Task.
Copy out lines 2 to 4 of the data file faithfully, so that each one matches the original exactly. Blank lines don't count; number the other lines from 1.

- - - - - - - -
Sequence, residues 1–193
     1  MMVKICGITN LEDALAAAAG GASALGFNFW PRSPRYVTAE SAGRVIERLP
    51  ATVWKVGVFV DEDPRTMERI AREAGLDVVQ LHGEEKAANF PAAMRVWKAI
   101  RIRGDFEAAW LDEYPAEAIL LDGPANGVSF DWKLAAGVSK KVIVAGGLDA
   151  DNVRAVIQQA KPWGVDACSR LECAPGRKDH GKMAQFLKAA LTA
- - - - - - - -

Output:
     1  MMVKICGITN LEDALAAAAG GASALGFNFW PRSPRYVTAE SAGRVIERLP
    51  ATVWKVGVFV DEDPRTMERI AREAGLDVVQ LHGEEKAANF PAAMRVWKAI
   101  RIRGDFEAAW LDEYPAEAIL LDGPANGVSF DWKLAAGVSK KVIVAGGLDA